establishment should have known of the condition; or (b) The condition occurred

with regularity and was therefore foreseeable.” Fla. Stat. § 768.0755(1).

       Donnelly argues that Wal-Mart had both actual and constructive knowledge

of the spilled liquid in this case.

          i.     Actual Knowledge

       Donnelly first argues that Wal-Mart had actual knowledge of the spilled

liquid because the surveillance video showed an employee walk past the aisle

where the spill was before she fell. Donnelly contends that the district court

impermissibly viewed the facts in Wal-Mart’s favor in finding that the Wal-Mart

employee shown in the video could not have seen the puddle Donnelly slipped on,

and by rejecting her argument that the employee could have seen a “trail” of water

starting on the side of the aisle the employee walked past, even if he could not see

the puddle of water Donnelly slipped on.

       The district court carefully reviewed the video of the incident and found that

the video is not evidence a reasonable juror could rely on to find that Wal-Mart had

actual knowledge of the spill for six reasons. The court explained:


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      First, . . . [t]he alleged employee moves from right to left at an
      extremely high rate of speed and, in less than the blink of an eye, the
      employee’s view of the spill is blocked by two shoppers with
      shopping carts. Second, because the employee is moving quickly
      while pulling a heavy cart, the Court is unable to reasonably infer that
      the employee’s vision was directed towards the spill in lieu of the
      direction of his travel. Third, the site of the spill was extremely far
      from the employee’s perpendicular path. Fourth, the site of the spill
      was obscured, at this time, by the body and cart of the shopper who
      spilled the liquid. Fifth, the shopper who spilled the liquid took
      several minutes to actually see the spill even though she was in close
      proximity to it. Sixth, it is undisputed that the dangerous substance
      was “a watery liquid” and it looked like “water,” thus, it would have
      been difficult to see even if the employee in the video was not moving
      at a high rate of speed at a great distance.

      The district court also rejected Donnelly’s argument that the passing

employee had actual knowledge of the dangerous condition because he could have

seen a trail of liquid which allegedly started near the end of the chip and bottled

water aisle the employee walked past. The district court pointed out that Donnelly

slipped on the puddle of accumulated liquid at the opposite end of the aisle, not on

the trail of liquid. Even if we considered the trail of liquid as part of the dangerous

condition that injured Donnelly, the video shows customers with their loaded

shopping carts parked at the very location the supposed trail would have started as

the employee walks by, blocking his view.

      Ultimately, we agree with the district court that Donnelly’s argument that

the alleged employee saw the spill Donnelly slipped on or a trail of water leading

to that spill is pure speculation, which is not enough to survive a summary


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judgment motion. “Conclusory allegations and speculation are insufficient to

create a genuine issue of material fact.” Glasscox v. City of Argo, 

903 F.3d 1207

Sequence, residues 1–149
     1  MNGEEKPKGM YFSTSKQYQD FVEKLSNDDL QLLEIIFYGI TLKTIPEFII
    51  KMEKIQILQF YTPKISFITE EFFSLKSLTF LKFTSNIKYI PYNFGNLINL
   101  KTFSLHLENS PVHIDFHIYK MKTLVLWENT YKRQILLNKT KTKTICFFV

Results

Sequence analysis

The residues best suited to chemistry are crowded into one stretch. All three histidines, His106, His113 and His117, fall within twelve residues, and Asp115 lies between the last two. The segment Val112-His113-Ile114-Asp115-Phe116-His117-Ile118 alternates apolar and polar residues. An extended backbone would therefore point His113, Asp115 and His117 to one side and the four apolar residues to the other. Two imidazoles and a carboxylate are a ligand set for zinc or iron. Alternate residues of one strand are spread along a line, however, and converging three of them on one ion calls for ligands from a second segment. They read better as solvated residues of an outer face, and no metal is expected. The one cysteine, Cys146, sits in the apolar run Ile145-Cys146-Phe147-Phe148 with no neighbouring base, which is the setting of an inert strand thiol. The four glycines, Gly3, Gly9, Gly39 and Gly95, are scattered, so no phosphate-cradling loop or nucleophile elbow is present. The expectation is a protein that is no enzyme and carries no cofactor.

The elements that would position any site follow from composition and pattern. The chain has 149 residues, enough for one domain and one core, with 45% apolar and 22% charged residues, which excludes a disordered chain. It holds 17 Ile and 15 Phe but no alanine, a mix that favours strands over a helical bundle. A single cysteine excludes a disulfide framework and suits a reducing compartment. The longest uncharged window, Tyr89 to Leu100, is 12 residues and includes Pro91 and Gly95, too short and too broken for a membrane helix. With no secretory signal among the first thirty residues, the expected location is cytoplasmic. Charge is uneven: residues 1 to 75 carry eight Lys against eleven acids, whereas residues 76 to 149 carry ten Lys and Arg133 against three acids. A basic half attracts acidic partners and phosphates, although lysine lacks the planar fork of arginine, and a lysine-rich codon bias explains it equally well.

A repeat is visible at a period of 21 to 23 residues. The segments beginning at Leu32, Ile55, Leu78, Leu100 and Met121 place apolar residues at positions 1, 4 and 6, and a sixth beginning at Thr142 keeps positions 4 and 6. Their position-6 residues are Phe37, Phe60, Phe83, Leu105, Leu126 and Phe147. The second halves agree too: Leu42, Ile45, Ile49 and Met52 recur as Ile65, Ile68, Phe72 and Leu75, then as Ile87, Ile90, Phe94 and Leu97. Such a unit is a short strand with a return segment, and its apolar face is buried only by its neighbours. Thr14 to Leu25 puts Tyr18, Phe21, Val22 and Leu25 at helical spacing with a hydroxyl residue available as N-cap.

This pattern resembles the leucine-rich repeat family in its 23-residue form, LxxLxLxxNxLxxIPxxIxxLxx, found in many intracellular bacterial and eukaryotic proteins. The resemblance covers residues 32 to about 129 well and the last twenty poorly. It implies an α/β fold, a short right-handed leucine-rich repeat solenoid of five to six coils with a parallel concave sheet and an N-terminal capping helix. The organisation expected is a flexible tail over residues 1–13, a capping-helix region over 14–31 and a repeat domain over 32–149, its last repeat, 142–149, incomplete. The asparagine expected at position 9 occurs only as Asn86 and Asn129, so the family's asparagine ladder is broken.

,

1213 (11th Cir. 2018); see also Cordoba v. Dillard’s, Inc., 

419 F.3d 1169

, 1181

(11th Cir. 2005) (“Speculation does not create a genuine issue of fact; instead it

creates a false issue, the demolition of which is a primary goal of summary

judgment.” (quotation omitted)). “[A]n inference is not reasonable if it is ‘only a

guess or a possibility,’ for such an inference is not based on the evidence but is

pure conjecture and speculation.” Daniels v. Twin Oaks Nursing Home, 

692 F.2d 1321

, 1322 (11th Cir.1982) (quotation omitted).

      Donnelly points to no other evidence that any Wal-Mart employee saw the

liquid on the floor before her fall. In fact, Donnelly herself, who had a much better

vantage point and opportunity to see the spill than any Wal-Mart employee, did not

see the puddle until after she fell and even then with difficulty. Further, the Wal-

Mart employee seen in the video was not identified in this case, and as the district

court pointed out it is unclear whether the employee was even on duty during the

incident. There is no evidence of what that employee saw during that time except

for the video evidence. And even viewing the video in Donnelly’s favor, we

conclude that a reasonable jury could not find, based on the record evidence, that

Wal-Mart had actual knowledge of the spilled liquid.




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            ii.   Constructive Knowledge

       Donnelly next argues that Wal-Mart had constructive knowledge of the

dangerous condition because the same video evidence discussed above shows a

Wal-Mart employee in the vicinity of the incident.

       Donnelly cites a series of non-binding slip and fall cases, applying different

substantive laws, for the proposition that evidence of an employee in the vicinity of

a dangerous condition is sufficient evidence of constructive knowledge to survive

summary judgment. We do not find Donnelly’s argument persuasive for two

reasons. First, Donnelly does not explain how her “employee in the vicinity”

argument satisfies her burden under Fla. Stat. § 768.0755(1) to show that Wal-Mart

had constructive knowledge of the dangerous condition through the methods

dictated in subparagraphs (1)(a) and (1)(b) (requiring proof of constructive

knowledge through evidence of the amount of time the condition existed or

through evidence the condition occurred with regularity). Second, Donnelly’s

argument is undermined because the alleged employee shown on the video was not

in the immediate vicinity of the spill; rather, he was walking past the chip and